Just as you probably missed home for a time after arriving overseas, it is just as natural to experience some reverse homesickness for the people, places, and things that you grew accustomed to as a student overseas.


To an extent it can be reduced by writing letters, telephoning, and generally keeping in contact, but feelings of loss are an integral part of international sojourns and must be anticipated and accepted as a natural result of study abroad. 


Here is what Michele (Granada, Spain alumna) had to say:

I really immersed myself in everything and almost forgot I was only there for a couple months. [Spain] became my second home. I did not want to leave. I was completely unprepared for what it was like to get off that plane back in New York. It was strange. I wasn't even excited to see my parents. I felt like my Spanish family had been my family for so long, and I was speaking only Spanish in the house, and it just became very familiar and routine. So it was a smack in the face being put on a plane and heading home. When I got home, I was depressed for months. It would have helped if I could have gone right back to school, but it was winter session and I was home for six weeks. I felt like surrounding myself with people who had been through my exact experience, so I wouldn't have to keep trying to explain why I was so homesick. People just didn't get it. They thought I had gotten too attached over there and it was like "wake up, you're back in America."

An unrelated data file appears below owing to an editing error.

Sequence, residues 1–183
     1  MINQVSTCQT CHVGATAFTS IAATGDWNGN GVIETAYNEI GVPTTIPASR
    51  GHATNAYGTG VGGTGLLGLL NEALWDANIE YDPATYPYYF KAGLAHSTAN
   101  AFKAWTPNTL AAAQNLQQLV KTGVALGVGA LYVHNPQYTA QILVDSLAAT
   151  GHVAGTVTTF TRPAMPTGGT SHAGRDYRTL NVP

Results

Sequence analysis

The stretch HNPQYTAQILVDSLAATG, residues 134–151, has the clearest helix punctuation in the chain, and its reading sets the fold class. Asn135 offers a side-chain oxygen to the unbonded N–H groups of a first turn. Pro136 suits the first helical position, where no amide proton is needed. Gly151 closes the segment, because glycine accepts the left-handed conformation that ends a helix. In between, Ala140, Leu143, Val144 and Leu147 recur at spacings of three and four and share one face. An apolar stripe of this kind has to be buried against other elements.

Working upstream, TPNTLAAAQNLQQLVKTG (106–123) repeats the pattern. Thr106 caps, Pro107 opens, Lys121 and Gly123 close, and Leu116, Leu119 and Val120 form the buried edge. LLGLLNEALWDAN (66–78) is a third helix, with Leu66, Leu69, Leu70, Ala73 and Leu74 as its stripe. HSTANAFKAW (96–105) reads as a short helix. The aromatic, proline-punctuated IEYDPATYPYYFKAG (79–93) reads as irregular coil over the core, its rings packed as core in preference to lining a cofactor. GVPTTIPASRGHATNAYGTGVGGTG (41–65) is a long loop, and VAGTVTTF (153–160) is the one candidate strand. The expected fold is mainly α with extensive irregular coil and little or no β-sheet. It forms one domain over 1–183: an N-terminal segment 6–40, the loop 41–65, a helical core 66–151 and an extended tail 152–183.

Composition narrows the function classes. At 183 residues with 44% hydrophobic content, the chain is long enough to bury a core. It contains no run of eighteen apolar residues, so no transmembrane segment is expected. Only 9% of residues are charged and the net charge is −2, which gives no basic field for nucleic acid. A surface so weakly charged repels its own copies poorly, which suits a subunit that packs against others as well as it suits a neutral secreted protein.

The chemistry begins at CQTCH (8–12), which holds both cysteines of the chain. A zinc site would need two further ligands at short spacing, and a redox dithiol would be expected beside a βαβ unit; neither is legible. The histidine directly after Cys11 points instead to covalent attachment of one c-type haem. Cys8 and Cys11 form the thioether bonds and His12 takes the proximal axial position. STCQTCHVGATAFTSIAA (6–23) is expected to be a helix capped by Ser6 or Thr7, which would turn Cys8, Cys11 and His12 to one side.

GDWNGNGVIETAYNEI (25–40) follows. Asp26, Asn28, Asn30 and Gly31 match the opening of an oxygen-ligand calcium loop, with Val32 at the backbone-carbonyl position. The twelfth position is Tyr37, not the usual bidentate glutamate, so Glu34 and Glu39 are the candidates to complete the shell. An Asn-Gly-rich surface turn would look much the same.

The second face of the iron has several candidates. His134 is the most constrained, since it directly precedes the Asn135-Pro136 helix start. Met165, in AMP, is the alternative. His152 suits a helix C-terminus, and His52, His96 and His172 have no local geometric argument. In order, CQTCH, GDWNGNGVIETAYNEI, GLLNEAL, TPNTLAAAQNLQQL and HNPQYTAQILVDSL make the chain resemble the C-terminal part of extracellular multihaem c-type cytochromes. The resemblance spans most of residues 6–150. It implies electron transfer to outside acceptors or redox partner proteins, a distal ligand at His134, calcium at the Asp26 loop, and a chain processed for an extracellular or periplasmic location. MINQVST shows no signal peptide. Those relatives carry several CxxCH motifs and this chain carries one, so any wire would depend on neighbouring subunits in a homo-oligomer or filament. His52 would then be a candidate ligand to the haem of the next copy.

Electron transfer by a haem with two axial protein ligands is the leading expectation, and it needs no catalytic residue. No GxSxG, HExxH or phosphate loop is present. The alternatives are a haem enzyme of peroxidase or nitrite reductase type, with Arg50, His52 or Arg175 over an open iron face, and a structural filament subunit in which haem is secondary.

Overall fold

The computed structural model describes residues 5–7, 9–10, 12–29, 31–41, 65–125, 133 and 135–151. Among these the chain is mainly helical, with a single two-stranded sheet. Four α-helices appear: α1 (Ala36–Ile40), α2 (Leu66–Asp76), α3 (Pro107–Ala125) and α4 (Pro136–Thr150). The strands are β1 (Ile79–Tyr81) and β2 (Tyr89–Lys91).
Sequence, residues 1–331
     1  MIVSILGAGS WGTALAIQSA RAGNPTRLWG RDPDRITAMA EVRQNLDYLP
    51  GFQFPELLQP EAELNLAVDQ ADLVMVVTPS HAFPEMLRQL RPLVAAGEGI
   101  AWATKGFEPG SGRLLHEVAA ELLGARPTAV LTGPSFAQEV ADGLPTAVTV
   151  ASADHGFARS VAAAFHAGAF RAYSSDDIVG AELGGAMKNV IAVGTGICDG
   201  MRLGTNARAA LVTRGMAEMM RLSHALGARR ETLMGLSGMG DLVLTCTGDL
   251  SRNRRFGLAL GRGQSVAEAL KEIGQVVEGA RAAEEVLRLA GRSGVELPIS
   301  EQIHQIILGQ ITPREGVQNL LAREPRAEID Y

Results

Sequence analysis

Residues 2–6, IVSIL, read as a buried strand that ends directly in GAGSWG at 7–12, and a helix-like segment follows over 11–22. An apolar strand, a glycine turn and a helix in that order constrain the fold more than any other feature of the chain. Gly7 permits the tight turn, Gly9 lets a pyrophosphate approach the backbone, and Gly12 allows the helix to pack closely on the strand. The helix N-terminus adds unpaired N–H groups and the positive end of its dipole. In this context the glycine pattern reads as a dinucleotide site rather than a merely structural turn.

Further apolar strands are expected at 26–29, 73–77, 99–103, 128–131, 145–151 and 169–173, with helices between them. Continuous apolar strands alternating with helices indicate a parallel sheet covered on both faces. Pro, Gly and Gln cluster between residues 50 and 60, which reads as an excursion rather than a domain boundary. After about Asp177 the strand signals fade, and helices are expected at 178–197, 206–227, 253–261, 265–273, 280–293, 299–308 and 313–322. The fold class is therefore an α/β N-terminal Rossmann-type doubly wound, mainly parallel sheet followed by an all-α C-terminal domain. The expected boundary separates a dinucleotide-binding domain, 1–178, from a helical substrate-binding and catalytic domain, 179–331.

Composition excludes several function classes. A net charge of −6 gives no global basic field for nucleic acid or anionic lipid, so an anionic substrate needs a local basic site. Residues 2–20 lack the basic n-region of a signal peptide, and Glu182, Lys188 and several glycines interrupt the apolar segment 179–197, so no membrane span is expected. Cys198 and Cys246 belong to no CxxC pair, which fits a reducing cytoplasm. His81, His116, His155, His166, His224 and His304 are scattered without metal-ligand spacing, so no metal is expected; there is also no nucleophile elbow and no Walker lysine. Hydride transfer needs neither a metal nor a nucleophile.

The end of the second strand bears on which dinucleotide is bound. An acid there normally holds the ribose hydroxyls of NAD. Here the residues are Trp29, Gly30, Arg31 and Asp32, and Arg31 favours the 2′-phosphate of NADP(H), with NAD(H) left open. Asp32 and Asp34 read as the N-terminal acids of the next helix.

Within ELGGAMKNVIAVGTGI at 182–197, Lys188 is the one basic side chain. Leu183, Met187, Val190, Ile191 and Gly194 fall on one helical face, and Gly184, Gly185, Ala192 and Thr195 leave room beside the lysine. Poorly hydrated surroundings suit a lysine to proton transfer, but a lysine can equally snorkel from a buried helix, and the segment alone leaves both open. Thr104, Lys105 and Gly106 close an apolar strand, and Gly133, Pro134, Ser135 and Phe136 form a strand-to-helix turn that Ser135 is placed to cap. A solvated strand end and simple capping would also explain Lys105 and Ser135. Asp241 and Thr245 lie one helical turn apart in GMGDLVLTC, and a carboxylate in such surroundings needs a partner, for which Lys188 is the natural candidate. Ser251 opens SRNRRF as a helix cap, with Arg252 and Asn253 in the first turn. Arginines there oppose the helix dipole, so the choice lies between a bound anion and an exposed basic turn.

Relationships Have Changed